Night swimming with manta rays

A three-metre-wide creature swooping within inches of your face in the middle of a dark ocean probably isn’t everyone’s cup of tea.


But night snorkelling with giant manta rays off the Kona coast in Hawaii is undoubtedly a major drawcard for tourists.

I had the chance to get in the water with these creatures during a seven-night trip with Un-Cruise Adventures, which touts the activity as “thrilling” and an “unbelievable experience”.

Lonely Planet says it is one of the top 10 activities on Hawaii’s Big Island, and the Travel Channel apparently voted it “one of the top 10 things to do in your life”.

I was yet to be convinced.

A Kona Dive Company guide came on board to give us a quick lesson on manta rays and what we could expect from our hour in the water.

He made a few points that got me over the line and into the water:

One: manta rays are not stingrays and therefore do not have the eponymous weapon.

Two: manta rays do not have teeth.

Three: we were not supposed to kick around too much because it could scare them off. I assume it was not the guide’s intention, but I liked that I now had a way to fight off these stingless, toothless monsters.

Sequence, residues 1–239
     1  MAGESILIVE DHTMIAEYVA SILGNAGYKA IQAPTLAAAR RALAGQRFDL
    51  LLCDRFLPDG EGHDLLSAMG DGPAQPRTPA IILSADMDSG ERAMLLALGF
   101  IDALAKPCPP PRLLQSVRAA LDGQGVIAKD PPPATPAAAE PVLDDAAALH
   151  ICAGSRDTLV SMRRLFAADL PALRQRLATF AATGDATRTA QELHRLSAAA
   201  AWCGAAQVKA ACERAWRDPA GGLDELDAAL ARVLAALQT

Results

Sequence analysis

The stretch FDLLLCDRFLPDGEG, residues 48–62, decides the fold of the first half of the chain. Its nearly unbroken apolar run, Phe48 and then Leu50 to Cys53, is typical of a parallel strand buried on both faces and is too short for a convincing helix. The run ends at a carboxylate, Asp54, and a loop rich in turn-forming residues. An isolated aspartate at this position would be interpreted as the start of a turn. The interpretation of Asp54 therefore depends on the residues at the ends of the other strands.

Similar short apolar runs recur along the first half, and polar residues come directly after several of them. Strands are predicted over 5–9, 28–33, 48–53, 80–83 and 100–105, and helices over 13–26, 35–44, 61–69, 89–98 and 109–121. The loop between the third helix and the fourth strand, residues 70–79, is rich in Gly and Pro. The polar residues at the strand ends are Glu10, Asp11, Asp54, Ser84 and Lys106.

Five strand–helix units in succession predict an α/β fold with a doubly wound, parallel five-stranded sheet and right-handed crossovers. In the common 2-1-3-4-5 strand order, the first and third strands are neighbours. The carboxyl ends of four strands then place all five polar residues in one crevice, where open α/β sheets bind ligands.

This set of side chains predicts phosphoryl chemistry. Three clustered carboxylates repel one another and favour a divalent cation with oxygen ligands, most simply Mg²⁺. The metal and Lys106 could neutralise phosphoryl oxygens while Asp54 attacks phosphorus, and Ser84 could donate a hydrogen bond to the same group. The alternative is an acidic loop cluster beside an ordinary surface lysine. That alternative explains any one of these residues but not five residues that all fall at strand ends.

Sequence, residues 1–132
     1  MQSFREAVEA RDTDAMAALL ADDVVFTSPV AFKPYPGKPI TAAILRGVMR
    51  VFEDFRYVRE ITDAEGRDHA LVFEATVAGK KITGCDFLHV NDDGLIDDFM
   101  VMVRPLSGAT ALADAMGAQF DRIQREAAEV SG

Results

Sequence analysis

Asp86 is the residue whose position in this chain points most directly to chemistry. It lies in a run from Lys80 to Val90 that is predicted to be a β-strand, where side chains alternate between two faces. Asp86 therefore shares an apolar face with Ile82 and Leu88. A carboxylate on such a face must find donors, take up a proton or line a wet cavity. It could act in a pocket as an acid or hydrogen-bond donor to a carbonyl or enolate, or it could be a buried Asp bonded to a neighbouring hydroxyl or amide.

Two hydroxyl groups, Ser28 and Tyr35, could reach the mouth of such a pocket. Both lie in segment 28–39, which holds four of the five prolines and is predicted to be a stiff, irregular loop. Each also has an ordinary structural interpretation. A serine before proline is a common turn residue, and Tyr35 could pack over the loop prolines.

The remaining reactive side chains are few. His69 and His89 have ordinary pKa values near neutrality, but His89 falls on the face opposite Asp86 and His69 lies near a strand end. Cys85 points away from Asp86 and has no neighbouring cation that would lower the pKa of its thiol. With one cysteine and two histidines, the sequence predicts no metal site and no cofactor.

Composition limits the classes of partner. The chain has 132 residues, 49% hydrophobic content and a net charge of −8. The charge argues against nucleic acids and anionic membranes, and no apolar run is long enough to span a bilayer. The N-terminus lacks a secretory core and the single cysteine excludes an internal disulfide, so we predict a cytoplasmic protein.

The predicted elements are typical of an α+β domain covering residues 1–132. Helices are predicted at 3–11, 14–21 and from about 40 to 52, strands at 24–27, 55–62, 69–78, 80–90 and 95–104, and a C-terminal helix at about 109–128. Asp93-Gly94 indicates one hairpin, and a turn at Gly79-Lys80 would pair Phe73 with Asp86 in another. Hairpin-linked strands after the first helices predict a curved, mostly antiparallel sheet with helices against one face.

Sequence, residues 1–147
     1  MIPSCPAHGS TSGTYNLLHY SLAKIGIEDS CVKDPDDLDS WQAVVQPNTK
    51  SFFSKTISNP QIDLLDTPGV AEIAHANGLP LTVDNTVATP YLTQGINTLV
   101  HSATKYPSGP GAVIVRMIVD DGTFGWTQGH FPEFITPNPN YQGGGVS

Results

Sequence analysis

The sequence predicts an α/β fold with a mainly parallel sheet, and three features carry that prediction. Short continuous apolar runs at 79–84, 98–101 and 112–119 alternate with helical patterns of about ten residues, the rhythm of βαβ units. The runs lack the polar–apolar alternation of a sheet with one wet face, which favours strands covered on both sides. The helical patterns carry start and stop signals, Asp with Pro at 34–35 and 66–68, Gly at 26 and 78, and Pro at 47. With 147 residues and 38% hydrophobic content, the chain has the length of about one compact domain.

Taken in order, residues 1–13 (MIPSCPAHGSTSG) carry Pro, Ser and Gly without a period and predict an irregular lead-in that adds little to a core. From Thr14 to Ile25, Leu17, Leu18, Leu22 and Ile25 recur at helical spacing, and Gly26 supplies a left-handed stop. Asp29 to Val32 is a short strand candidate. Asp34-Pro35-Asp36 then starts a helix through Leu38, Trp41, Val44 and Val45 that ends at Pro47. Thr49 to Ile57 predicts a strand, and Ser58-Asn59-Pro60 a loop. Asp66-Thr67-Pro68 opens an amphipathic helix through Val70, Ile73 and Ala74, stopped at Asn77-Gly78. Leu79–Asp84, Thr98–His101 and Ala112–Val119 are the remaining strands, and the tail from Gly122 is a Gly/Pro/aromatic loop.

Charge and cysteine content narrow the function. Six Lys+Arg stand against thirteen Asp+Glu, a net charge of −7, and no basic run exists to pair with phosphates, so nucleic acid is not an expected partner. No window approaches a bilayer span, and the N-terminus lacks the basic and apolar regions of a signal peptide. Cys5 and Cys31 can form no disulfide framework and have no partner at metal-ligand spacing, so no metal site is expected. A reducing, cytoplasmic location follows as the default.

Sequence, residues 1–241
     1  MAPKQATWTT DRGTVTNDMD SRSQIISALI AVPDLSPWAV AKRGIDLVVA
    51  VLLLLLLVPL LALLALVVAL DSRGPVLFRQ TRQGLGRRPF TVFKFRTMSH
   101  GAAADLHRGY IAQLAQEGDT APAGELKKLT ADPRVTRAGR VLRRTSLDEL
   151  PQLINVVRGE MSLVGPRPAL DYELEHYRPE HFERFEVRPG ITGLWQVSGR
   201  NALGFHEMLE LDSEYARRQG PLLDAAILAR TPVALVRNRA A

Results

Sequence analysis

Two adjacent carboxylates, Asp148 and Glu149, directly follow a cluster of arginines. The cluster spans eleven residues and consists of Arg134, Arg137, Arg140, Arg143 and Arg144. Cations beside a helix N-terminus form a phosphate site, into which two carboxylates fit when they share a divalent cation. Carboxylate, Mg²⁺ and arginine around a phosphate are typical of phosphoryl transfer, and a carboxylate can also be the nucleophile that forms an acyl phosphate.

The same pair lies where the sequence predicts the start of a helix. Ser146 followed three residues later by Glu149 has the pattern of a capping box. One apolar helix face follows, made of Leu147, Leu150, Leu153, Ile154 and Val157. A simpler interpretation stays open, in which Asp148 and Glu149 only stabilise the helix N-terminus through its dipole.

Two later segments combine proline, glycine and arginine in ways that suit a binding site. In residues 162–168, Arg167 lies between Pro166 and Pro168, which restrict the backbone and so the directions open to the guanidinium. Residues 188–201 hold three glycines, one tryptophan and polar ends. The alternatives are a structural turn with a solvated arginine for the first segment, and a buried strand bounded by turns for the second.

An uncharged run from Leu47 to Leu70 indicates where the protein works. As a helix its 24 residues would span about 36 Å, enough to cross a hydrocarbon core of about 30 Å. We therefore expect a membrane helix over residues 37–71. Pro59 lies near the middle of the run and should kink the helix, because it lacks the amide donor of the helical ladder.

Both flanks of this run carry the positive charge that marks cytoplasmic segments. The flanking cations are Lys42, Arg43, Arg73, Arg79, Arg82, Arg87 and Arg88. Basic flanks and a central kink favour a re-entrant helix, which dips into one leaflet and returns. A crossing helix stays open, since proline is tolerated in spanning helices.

I shrugged into my wetsuit, and jumped into a skiff to be taken to the snorkelling site about 200 metre from the ship.

To attract the plankton and, in turn, the manta rays, divers put spotlights on the sea floor and snorkellers grip surfboards with torches pointing downwards.

Just that scene itself was amazing. About 100 people in full rubber suits and masks bobbing in the dark ocean with sharp lights coming up through the water was like something out of a science fiction movie.

We split into groups, six to a board, and lay still as the plankton gathered, wondering if the guide’s “we see manta on 90 per cent of our outings” was going to apply to us.

It was quite clear when the first one appeared because fingers jutted out from all directions, everyone eager to point it out.

We got cooler as more arrived though, eventually just enjoying the experience and not feeling the need to alert each other to the new arrivals.

After 40 minutes of watching the rays cruise through the water, the winter Hawaiian waters had taken me to my limit and I climbed out shivering.

I agree, it was a thrilling, unbelievable experience – and I was also pretty stoked to have not been eaten.


– Industry standards for interaction with manta rays off Kona were created in 2013.

– They aim to protect manta rays, the aquatic environment and the people viewing the sea life.

– A list of activity providers that follow the guidelines can be found at Manta Ray Advocates Green List (苏州半永久眼线网,苏州半永久眼线,mantaraygreenlist苏州半永久眼线会所,).

The writer was a guest of Un-Cruise Adventures.